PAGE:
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Evaluating Scott Rolen's Hall of Fame Case

Scott Rolen of Scott Rolen's Reds

Scott Rolen
Scott Rolen
Hunter Martin

Ed. note: Our friends over at The Good Phight have deemed today Scott Rolen Honorary Retirement Day. Check them out.

When Scott Rolen retired after the 2012 season, there was no farewell tour, no parting gifts, no fanfare.  He quietly put up a 70 WAR career over the course of 17 seasons and then he just stopped.  There was no teary-eyed press conference, hell, he didn't even bother filing the paperwork to officially retire.  Rolen was voted to 8 All-Star teams, won 8 Gold Gloves, was and took home the 1997 Rookie of the Year award, but only once finished in the top 5 in MVP votes (4th place in 2004).  He finished his career in Cincinnati, his fourth franchise, leading a young team out of the darkness of the lost decade and back to respectability*.

*A guy named Joey Votto, and a pretty good pitching staff helped as well.

For whatever reason, Hall of Fame voters have been very reticent to enshrine third basemen.  There are currently only 11 third basemen in Cooperstown, which is a bizarrely low number given that there are 211 players currently enshrined.  When compared to his peers at the position, Rolen stacks up very well, sitting at 8th overall in fWAR of players who played more than half of their games at third.  Using Jay Jaffe's JAWS leaderboard for third basemen, Rolen would be above the average Hall of Fame third baseman in WAR, WAR7 and JAWS score - besting Home Run Baker, Jimmy Collins, George Kell, Freddie Lindstrom, and Pie Traynor, who all have plaques hanging in Cooperstown.

The most recent third baseman to be elected to the Hall of Fame is perhaps Rolen's closest comparison, which may or may not end up being a good thing.  Ron Santo made it in via the Veteran's Committee in 2012, after being snubbed the first time around by the voters.  Santo finished his career with a .277/.362/.464 line, compared to Rolen's .281/.364/.490, with Rolen playing in a much more hitter-friendly environment.  Santo has a +1 fWAR advantage over Rolen over their careers, with Santo playing a little more than 200 games.  Thanks to those extra games, Santo has the edge in counting stats, but their rates stats are extremely similar.  Rolen has a slight edge on defense, but all in all these are two very similar ballplayers, and the fact that Santo is now a member of the Hall of Fame may benefit Rolen.

The question of whether he should make it seems like an easy yes to me, but the question of whether he will gets a bit muddier.  Rolen's biggest obstacle in making the Hall is likely his injury history, which prevented him to accumulate the counting stats that the BBWA voters seem to love so much.  In his 17 seasons, he managed to play in more than 130 games just 8 times.  His hit (2,077), home run (316), and RBI (1,287) totals all fall well short of the magical round numbers that all but assure a place in Cooperstown.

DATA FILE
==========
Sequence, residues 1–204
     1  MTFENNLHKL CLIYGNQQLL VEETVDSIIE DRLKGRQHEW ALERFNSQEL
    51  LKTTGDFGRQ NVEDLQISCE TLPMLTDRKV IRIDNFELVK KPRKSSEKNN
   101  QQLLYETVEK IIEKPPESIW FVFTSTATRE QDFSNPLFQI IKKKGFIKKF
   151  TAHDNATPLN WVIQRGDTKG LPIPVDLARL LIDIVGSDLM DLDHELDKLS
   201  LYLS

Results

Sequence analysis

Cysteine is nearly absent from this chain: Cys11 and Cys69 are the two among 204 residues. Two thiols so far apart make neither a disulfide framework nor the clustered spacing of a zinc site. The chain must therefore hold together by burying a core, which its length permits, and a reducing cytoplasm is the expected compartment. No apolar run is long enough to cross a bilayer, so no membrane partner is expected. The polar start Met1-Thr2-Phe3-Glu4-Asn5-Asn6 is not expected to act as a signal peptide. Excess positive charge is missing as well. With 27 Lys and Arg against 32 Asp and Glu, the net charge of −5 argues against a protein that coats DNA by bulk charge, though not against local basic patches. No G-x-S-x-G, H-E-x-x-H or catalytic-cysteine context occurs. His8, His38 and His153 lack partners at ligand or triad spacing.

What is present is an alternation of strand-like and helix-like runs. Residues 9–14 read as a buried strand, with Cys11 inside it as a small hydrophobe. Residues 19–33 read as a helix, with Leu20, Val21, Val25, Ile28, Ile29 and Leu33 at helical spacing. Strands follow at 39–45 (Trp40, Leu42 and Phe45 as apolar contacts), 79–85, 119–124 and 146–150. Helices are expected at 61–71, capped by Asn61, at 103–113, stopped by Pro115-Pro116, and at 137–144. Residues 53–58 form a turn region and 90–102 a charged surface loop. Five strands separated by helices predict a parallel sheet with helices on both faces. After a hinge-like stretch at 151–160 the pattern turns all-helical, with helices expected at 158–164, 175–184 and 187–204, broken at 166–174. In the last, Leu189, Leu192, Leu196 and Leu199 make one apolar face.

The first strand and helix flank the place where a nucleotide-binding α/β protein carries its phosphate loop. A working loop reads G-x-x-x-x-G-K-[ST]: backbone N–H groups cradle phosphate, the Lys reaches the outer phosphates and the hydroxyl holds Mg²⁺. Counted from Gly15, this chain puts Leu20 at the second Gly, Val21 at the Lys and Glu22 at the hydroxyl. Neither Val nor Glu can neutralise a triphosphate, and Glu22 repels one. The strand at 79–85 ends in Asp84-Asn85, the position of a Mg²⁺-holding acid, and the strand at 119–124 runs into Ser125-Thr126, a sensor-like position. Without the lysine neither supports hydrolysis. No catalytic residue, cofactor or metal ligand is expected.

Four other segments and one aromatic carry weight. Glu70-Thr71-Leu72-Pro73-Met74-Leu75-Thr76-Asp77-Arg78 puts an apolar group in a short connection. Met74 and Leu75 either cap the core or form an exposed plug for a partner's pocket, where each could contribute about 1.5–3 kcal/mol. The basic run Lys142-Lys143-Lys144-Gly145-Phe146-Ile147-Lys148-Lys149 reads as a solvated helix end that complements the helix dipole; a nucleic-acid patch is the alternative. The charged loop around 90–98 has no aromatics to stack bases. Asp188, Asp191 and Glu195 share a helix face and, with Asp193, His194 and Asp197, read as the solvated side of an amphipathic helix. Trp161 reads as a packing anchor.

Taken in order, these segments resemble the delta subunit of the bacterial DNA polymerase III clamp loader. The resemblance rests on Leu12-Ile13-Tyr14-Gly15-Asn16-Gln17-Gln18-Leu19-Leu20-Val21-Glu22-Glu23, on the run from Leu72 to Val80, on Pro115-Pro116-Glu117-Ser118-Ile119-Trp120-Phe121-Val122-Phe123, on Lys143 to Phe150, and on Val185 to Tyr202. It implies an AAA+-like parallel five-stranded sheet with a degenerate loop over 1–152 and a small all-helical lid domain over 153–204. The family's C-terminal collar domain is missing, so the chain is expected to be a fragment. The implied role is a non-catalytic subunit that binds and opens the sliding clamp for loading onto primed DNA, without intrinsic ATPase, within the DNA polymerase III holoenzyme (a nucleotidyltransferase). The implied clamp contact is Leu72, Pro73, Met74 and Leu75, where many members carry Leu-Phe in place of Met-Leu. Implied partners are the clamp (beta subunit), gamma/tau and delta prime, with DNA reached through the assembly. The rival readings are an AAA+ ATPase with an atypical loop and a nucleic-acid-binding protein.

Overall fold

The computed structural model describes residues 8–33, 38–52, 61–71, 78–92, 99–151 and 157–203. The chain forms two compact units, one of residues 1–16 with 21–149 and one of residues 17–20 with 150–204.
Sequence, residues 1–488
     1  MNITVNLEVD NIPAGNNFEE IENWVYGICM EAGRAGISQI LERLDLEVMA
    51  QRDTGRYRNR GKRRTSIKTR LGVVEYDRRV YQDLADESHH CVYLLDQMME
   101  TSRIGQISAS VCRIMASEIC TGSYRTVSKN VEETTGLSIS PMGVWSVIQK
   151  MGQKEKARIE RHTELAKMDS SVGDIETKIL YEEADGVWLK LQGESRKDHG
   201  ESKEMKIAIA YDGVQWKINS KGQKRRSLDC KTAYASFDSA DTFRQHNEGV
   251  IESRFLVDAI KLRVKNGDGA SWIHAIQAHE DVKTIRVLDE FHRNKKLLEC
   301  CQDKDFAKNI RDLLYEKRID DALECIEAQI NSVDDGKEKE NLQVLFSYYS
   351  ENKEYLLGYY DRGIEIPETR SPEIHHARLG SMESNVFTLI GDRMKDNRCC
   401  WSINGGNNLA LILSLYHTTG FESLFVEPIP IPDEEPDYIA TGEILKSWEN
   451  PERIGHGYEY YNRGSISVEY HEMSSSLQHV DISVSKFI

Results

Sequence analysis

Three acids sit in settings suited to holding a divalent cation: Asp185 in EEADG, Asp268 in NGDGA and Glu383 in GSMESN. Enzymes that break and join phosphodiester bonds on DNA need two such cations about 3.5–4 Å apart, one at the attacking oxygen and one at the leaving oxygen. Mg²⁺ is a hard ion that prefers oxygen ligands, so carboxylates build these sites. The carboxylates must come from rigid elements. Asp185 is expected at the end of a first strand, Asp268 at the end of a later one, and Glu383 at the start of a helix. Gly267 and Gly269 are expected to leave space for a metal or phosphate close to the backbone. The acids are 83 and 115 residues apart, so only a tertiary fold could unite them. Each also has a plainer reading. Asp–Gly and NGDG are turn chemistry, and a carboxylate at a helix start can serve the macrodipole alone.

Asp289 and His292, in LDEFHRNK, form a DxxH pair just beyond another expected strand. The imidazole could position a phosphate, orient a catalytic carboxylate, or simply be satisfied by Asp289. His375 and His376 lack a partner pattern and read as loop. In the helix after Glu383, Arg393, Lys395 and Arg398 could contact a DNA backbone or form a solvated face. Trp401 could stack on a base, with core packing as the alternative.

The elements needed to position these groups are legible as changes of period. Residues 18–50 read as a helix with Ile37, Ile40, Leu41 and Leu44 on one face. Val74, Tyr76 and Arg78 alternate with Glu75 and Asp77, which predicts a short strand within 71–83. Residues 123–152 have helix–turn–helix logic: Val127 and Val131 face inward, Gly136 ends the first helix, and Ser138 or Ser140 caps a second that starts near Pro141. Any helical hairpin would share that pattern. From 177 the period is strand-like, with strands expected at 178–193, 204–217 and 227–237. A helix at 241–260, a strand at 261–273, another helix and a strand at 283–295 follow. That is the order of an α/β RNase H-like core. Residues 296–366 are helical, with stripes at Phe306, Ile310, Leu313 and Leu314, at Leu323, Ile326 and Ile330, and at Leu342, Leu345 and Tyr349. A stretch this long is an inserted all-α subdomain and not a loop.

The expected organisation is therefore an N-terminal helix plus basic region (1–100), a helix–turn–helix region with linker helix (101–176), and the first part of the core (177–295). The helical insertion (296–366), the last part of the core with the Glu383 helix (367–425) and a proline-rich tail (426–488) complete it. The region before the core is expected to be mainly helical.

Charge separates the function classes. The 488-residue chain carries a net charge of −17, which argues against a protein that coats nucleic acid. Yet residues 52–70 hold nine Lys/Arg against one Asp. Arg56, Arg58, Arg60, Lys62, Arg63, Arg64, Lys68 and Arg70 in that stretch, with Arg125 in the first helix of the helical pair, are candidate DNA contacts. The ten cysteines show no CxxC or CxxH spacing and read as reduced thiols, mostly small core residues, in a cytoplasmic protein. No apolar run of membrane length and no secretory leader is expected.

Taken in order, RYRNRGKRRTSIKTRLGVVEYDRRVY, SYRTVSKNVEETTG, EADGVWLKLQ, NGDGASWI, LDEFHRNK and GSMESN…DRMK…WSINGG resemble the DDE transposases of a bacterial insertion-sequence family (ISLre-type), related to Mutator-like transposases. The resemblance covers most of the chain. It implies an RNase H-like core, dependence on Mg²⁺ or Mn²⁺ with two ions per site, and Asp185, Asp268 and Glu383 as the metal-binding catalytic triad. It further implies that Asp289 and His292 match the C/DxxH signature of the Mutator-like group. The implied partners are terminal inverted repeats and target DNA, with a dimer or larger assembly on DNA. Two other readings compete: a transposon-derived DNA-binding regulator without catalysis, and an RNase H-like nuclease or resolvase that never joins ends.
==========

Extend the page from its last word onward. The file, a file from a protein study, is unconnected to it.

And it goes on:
Aside from his injuries, Rolen also had the misfortune of playing at the same time as likely first ballot Hall of Famer, Chipper Jones.  He also played on many good, but not great teams.  While Chipper and the Braves were playing in 11 consecutive Postseasons, Rolen didn't get a taste of October baseball until he was traded to St. Louis in 2002.  His only World Series ring came in 2006 when the stupid 83-win Cardinals devil magic'd their way to a championship, and even then, Rolen was famously benched by Tony LaRussa on two occasions during the playoffs.

Rolen was also never a particularly flashy player.  He played the game with the stoicism of a Midwestern farmer, just going about his business every day.  Not that that is a particularly virtuous thing in and of itself, but it's just the kind of player he was.  He wasn't one to pimp a home run, or demonstrably celebrate a big play - and as a well rounded ballplayer, none of his skills stood out above the crowd.  Rolen's defense at third was some of the best I've seen in my lifetime, but he doesn't have a moment a la Willie Mays' catch, Brooks Robinson in the 1970 World Series, Ozzie's backflips, or Jeter's flip play.

If I had to wager a guess, I'd say that Rolen is a long shot to be elected to the Hall of Fame within the new 10 year timeframe of eligibility.  He is right above the threshold of electability, but so close to it that it's a tough call.  Things could possibly change, especially with all the steroid era players being shunned by the voters, but Rolen's inclusion seems unlikely based on past ballot results.